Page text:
“As of Saturday 14 January 2012, Edinburgh Trams will start preparing Shandwick Place for a programme of tram works until spring 2013 and will include diversions and signal works in the local area.
In advance of this enabling works will be taking place on the diversion route.
The work will result in all traffic being diverted from Shandwick Place between Lothian Road junction and Palmerston Place.”
Any news about the tram project in Edinburgh always seems to be bad news, with reports of roads being dug up and traffic diverted apparently at random, resulting in businesses having real difficulties as a result of street closures and diversions.
So, among all this disruption, it is perhaps heartening to hear about one business area which is embracing the tram works as a positive factor in helping them thrive even in these difficult economic times.
Michael Apter Chair of the West End Village Association said:-“We are keen to see the tram work in the area started and completed in as short a time as possible. There will undoubtedly be disruption to regular routes during the works, but we also know that there is an opportunity to reach out to new customers who will be experiencing new and different routes into the city centre during the track laying. The businesses in the West End have proven themselves to be resilient during the previous tram work and global recession.
We are confident that the unique blend of West End shops and boutiques, bars and restaurants, salons and beauticians will continue to draw customers to the area throughout the period of the tram work. We look forward to the time in 2014 when we will have a tram stop at the West End Village which will be a major point of entry into the city centre”.
Sarah Connelly, Company Director of Odyssey Boutique on William Street feels she can turn the tram works into something positive for her business, a boutique which aims to offer great fitting, beautiful lingerie and year round swimwear, alongside a capsule collection of specialist beauty treatments. With on street parking available right outside the front door Sarah hopes that William Street will be discovered as a shopper’s paradise:-
Hairdresser Lindsey Gillies has also been working in the William Street area for around 20 years and she also told The Reporter that she had high hopes for the area being much busier during the tram works when people find out what a lovely little shopping area it is. She said:-“Once people find us they will love the very different shops we have to offer.”
Transport Convenor, Councillor Gordon Mackenzie said:-“The traffic changes will inevitably have an impact on trade and we’ve got a support package in place to help businesses with deliveries, marketing and other initiatives to help them through that. On the other hand some businesses will do well from those changes, as pedestrians and others change their habits. I saw that first hand with some of the stores on George Street the last time Princes Street was closed to traffic, and I’m pleased businesses in the West End are looking to take up that opportunity this time as well.”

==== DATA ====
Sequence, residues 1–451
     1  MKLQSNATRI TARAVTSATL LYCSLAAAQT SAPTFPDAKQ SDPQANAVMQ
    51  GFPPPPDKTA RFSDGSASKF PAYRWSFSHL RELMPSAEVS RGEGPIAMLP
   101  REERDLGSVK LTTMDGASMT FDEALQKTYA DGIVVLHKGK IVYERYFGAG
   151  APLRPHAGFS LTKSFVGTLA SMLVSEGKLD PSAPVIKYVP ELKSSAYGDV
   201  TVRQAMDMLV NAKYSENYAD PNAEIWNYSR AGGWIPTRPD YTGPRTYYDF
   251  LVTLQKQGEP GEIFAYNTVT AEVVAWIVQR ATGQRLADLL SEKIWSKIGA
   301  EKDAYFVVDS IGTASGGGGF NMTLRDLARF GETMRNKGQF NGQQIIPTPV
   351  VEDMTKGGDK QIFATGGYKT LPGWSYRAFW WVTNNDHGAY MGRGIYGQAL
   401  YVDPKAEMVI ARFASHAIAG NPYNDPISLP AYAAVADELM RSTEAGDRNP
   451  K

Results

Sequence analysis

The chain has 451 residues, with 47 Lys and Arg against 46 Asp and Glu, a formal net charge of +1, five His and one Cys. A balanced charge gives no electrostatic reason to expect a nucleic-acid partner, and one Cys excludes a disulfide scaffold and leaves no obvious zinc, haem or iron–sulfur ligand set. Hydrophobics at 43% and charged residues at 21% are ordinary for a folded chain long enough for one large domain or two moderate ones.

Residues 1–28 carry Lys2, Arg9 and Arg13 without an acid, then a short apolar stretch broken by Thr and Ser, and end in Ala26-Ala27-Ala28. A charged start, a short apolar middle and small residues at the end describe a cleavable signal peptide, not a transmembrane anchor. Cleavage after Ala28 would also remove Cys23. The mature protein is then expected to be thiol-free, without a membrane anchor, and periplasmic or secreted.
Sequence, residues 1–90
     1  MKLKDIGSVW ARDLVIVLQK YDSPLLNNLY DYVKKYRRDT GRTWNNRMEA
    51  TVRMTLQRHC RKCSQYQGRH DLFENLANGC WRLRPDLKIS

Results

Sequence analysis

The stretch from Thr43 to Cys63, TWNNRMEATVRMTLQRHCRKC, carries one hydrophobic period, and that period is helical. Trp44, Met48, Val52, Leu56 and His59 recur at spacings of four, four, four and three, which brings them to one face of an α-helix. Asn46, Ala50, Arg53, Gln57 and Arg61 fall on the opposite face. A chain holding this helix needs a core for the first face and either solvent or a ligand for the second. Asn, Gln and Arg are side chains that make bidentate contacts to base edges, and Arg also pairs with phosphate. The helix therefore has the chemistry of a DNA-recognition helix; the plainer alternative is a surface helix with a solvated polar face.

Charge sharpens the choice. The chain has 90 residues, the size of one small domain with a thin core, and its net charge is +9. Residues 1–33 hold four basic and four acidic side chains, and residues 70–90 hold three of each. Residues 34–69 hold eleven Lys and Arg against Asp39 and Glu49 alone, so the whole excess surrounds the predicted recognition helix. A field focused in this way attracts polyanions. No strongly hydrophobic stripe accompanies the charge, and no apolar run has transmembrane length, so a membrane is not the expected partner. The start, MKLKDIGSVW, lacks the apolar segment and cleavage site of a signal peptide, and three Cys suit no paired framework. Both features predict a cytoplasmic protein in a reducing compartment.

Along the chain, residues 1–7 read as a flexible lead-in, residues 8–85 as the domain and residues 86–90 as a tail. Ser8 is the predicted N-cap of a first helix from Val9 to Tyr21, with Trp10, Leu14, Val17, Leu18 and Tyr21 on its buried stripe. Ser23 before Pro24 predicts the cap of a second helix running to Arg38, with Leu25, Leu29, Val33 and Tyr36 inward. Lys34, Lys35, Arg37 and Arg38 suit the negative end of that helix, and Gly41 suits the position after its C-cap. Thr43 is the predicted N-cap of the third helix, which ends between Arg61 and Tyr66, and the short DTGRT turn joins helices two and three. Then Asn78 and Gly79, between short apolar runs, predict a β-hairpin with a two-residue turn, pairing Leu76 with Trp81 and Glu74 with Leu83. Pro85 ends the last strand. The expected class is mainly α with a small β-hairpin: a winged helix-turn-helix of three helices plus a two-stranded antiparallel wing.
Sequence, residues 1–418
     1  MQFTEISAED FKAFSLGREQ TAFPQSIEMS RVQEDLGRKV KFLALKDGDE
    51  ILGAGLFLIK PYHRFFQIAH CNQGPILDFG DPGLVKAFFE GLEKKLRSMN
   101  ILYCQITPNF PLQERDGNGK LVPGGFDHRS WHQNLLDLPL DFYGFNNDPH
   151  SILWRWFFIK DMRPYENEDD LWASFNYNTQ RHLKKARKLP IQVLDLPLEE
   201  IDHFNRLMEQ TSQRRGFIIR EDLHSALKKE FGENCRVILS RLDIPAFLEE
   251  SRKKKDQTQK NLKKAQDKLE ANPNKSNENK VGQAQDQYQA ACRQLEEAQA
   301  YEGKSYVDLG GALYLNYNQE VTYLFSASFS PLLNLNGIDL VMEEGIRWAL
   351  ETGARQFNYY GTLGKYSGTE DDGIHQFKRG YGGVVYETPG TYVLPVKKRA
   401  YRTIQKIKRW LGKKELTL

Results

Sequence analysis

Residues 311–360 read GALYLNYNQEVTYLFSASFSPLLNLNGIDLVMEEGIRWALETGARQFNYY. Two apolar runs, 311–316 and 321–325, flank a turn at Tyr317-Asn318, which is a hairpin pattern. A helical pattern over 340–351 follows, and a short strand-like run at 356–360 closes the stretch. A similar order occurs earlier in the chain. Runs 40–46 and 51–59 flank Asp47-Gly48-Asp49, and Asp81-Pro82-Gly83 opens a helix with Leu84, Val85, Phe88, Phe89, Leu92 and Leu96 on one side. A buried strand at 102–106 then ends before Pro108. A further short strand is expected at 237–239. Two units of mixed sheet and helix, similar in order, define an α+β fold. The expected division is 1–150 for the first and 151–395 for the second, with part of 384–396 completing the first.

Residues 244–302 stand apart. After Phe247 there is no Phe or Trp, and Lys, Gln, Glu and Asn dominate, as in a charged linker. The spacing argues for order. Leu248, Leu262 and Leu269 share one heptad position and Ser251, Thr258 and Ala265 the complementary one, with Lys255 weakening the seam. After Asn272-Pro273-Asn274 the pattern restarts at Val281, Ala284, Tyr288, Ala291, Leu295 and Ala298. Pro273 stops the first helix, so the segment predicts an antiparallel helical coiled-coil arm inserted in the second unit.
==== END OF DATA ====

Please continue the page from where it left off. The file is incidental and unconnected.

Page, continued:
Councillor Charles Dundas is one of the three councillors who represent the city centre ward. He said:-“I have no doubt that a fast, electric addition to our world-class public transport system in Edinburgh is going to improve the experience of living in, and getting around, Edinburgh. The aims of the tram are to get more people onto public transport and have fewer cars in the city centre. This should mean an improved experience for pedestrians and cyclists too.
William Street is a real gem in the heart of the West End. It’s certainly where I go for a lunchtime sandwich from my office, or for a birthday present for my wife from one of the many boutiques along the way.
I expect that most people share my glum acceptance of the disruption which the next set of tram works will bring, but we have been through these before, indeed we are currently in the midst of diversions at Haymarket, Waverley Steps and Princes Street which have not brought the city to a halt. However, the important thing is to remember that after month and months of stalemate with the contractor these diversions are at least proof that work is pressing ahead, and Edinburgh is getting closer to the benefits of having an operating tram.
You ask what businesses can do. I would point them towards the active and strong-voiced “West End Village” Business Association who are very good at engaging with both the tram developers and the Council to ensure that the voices of local businesses are heard. They lobby me, as a councillor all the time.”
Another of the City Centre councillors, Councillor Joanna Mowat said:-“I was encouraged to hear that some businesses see the Haymarket closure as an opportunity to capture pedestrian trade – it is inspiring to hear businesses who have had to weather a heavy storm in recent years being so positive and upbeat. I hope that their enthusiasm is justifiably rewarded, but I will be keeping close eye on how the tram works affect business and put a motion to the December meeting of Edinburgh City Council asking that the Council recognises the difficult trading conditions combined with tram works that businesses have had to endure and that the Council explores every avenue to ensure that businesses are supported at this difficult time. I am open to suggestions and will work to ensure that we keep a vibrant business community in the City Centre.”
Shandwick Place will be closed to all traffic between Atholl Crescent and Lothian Road. Traffic will be diverted to either Melville Street for eastbound traffic or the West Approach Road for westbound traffic.
Access to shops and premises will be maintained in both areas, while additional support will be put in place for business deliveries.